Young adults’ problem drinking may have lasting health effects
PISCATAWAY, NJ – Young adults with symptoms of alcohol dependence may see health effects late in life–even decades after conquering their problem drinking, according to a study in the November 2016 issue of the Journal of Studies on Alcohol and Drugs.
Researchers found that, of 664 U.S. male veterans, those who had symptoms of alcohol dependence for at least five years in young adulthood generally had poorer physical and mental health by the time they were in their 60s.
And that was true even if they'd gotten control over their drinking problems by the age of 30.
The findings are surprising, said lead researcher Randy Haber, Ph.D., of the Palo Alto Veterans Affairs Health Care System, in Menlo Park, Calif.
It's clear that people's lives improve when alcohol dependence goes into remission, Haber pointed out, but it is not clear whether there are hidden consequences that remain after heavy drinking has ceased. For instance, evidence shows that both brain and body are affected by excessive drinking, but we don't know how long these effects last.
The new findings suggest that years of alcohol dependence during young adulthood result in silent but "permanent" injuries that, in later life, appear to result in serious health problems, according to Haber.
The findings are based on men taking part in a larger study of Vietnam-era veterans. Haber's team focused on 368 men who did not report any symptoms of alcohol dependence at any point in adulthood, 221 who had at least three symptoms of dependence in young adulthood and middle-age and 75 who had symptoms in early adulthood but not after the age of 30. Overall, the study found that men who had alcohol dependence symptoms for at least five years in early adulthood scored lower on standard measures of both physical and mental health once they'd reached their 60s.
For example, those with alcohol dependence in young adulthood had, on average, three medical conditions in later life whereas those without this history reported two. In addition, their scores on a depression scale were about twice as high. Most important, these effects were seen even among men who'd been free of dependence symptoms for several decades.
The reasons are unclear. But, Haber said, other studies have shown that chronic drinking may injure parts of the brain involved in emotional regulation, self-control and decision making. It's possible, he noted, that years of alcohol exposure in early adulthood could have lasting effects on those brain areas.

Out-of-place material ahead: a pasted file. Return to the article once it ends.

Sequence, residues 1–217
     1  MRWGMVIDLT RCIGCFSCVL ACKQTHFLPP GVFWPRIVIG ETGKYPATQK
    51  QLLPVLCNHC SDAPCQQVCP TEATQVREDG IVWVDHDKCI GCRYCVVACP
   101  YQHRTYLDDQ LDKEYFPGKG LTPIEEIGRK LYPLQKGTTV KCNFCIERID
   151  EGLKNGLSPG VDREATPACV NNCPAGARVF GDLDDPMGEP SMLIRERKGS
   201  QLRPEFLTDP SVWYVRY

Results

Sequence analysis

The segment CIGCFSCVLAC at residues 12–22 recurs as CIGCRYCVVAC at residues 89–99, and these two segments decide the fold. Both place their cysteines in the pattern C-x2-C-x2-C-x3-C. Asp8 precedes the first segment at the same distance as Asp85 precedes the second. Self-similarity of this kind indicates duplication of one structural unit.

Still, Haber stressed that this study is reporting "averages" and not what any one person is destined for.
He said that people who not only quit problem drinking but also turn their lifestyle around–eating well, not smoking and just generally "taking care of themselves"–will likely see health benefits that last into late life.
Plus, he said, there is a "whole body of literature" showing that when people with alcohol dependence go into recovery, their lives improve in almost every area.
"If you have entered (alcohol dependence) recovery, keep going," Haber said. "Live your life to its fullest."
Haber, J. R., Harris-Olenak, B., Burroughs, T., & Jacob, T. (November 2016). Residual effects: Young adult diagnostic drinking predicts late-life health outcomes. Journal of Studies on Alcohol and Drugs, 77(6), 859-867.
To arrange an interview with Randy Haber, Ph.D., please contact Michael Hill-Jackson at the VA Office of Public Affairs at 650-444-7380 or [email protected]
The Journal of Studies on Alcohol and Drugs is published by the Center of Alcohol Studies at Rutgers, The State University of New Jersey. It is the oldest substance-related journal published in the United States.
To learn about education and training opportunities for addiction counselors and others at the Rutgers Center of Alcohol Studies, please visit AlcoholStudiesEd.rutgers.edu.